The Depth of Negative Equity and Mortgage Default Decisions
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A central question in the literature on mortgage default is at what point underwater...
A central question in the literature on mortgage default is at what point underwater
homeowners walk away from their homes even if they can afford to pay. We
study borrowers from Arizona, California, Florida, and Nevada who purchased homes
in 2006 using non-prime mortgages with 100 percent financing. Almost 80 percent
of these borrowers default by the end of the observation period in September 2009.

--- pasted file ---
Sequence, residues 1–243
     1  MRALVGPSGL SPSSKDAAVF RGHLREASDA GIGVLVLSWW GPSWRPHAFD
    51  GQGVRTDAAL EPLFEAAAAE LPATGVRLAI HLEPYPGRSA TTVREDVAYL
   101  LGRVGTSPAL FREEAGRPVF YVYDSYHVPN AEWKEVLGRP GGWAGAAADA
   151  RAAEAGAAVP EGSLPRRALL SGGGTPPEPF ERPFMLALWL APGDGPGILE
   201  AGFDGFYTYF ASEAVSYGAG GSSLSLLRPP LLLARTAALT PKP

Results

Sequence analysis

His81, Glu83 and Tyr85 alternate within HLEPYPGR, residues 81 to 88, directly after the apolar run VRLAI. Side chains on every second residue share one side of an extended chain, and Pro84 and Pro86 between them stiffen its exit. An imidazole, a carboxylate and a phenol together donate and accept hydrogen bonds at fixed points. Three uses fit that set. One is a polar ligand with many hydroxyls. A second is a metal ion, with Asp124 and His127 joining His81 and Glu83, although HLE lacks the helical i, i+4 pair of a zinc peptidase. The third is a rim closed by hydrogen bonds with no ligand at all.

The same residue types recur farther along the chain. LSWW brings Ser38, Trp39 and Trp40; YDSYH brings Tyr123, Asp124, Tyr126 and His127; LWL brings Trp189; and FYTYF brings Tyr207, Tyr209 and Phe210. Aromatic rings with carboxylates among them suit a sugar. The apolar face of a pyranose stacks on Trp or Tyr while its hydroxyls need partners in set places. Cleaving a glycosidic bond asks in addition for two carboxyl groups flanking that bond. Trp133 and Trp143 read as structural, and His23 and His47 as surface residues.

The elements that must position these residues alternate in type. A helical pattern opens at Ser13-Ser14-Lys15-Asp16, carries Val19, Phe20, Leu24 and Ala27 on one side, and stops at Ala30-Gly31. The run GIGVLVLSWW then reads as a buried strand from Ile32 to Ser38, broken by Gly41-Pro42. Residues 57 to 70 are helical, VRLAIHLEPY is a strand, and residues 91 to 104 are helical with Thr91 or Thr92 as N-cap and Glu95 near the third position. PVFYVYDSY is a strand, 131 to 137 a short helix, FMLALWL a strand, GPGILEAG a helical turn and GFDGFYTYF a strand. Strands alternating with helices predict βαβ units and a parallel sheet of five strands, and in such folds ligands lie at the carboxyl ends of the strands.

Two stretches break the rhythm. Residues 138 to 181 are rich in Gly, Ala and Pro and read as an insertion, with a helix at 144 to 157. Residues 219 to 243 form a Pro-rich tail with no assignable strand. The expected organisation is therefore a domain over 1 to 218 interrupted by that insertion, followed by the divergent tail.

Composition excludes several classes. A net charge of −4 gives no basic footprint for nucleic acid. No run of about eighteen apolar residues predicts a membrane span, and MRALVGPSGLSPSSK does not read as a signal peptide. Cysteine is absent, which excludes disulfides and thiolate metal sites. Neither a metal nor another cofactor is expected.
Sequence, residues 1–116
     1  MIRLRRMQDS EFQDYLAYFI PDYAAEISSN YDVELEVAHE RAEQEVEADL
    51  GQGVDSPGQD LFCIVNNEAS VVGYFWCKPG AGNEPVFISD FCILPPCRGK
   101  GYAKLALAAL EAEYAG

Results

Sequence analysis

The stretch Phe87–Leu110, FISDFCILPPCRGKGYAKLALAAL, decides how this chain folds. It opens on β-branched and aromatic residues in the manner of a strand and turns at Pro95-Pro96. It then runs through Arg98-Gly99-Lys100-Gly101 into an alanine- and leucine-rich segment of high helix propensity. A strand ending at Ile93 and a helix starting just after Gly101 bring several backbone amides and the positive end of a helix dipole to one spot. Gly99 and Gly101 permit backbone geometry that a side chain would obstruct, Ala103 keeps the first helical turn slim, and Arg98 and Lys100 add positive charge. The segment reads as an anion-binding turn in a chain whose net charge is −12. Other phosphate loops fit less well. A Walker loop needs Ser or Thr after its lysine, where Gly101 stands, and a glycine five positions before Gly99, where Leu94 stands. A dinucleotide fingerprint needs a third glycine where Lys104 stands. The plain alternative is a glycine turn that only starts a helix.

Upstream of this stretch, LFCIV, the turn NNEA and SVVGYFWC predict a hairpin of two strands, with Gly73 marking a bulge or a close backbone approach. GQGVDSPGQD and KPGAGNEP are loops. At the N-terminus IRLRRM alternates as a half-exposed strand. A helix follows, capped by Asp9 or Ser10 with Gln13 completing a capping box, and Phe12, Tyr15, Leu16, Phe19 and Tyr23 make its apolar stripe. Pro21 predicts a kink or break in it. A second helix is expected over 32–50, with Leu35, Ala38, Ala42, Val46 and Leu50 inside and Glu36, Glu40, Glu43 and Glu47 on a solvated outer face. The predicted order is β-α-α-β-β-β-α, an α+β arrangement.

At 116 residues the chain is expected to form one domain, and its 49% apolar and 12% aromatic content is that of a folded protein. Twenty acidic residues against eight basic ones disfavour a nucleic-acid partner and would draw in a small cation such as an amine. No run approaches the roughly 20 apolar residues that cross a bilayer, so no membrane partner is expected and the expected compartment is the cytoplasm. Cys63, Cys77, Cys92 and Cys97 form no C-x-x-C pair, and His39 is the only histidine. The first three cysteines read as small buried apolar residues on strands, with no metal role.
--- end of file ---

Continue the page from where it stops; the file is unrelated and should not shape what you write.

After distinguishing between defaults induced by job losses and other income shocks
from those induced purely by negative equity, we find that the median borrower does
not strategically default until equity falls to -62 percent of their home’s value. This
result suggests that borrowers face high default and transaction costs. Our estimates
show that about 80 percent of defaults in our sample are the result of income shocks
combined with negative equity. However, when equity falls below -50 percent, half of
the defaults are driven purely by negative equity. Therefore, our findings lend support
to both the “double-trigger” theory of default and the view that mortgage borrowers
exercise the implicit put option when it is in their interest.
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